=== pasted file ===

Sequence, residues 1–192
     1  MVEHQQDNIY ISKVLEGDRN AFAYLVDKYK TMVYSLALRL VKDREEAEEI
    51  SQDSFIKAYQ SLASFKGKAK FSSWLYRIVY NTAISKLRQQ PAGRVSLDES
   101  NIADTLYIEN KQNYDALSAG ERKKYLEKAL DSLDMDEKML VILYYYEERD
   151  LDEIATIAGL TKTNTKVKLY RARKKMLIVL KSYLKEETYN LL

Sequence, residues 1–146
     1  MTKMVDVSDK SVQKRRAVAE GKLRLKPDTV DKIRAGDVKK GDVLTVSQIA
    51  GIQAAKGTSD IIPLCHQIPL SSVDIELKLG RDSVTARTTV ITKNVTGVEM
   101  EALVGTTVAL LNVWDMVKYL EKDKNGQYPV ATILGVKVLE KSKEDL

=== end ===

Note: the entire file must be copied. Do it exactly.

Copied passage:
Sequence, residues 1–192
     1  MVEHQQDNIY ISKVLEGDRN AFAYLVDKYK TMVYSLALRL VKDREEAEEI
    51  SQDSFIKAYQ SLASFKGKAK FSSWLYRIVY NTAISKLRQQ PAGRVSLDES
   101  NIADTLYIEN KQNYDALSAG ERKKYLEKAL DSLDMDEKML VILYYYEERD
   151  LDEIATIAGL TKTNTKVKLY RARKKMLIVL KSYLKEETYN LL

Sequence, residues 1–146
     1  MTKMVDVSDK SVQKRRAVAE GKLRLKPDTV DKIRAGDVKK GDVLTVSQIA
    51  GIQAAKGTSD IIPLCHQIPL SSVDIELKLG RDSVTARTTV ITKNVTGVEM
   101  EALVGTTVAL LNVWDMVKYL EKDKNGQYPV ATILGVKVLE KSKEDL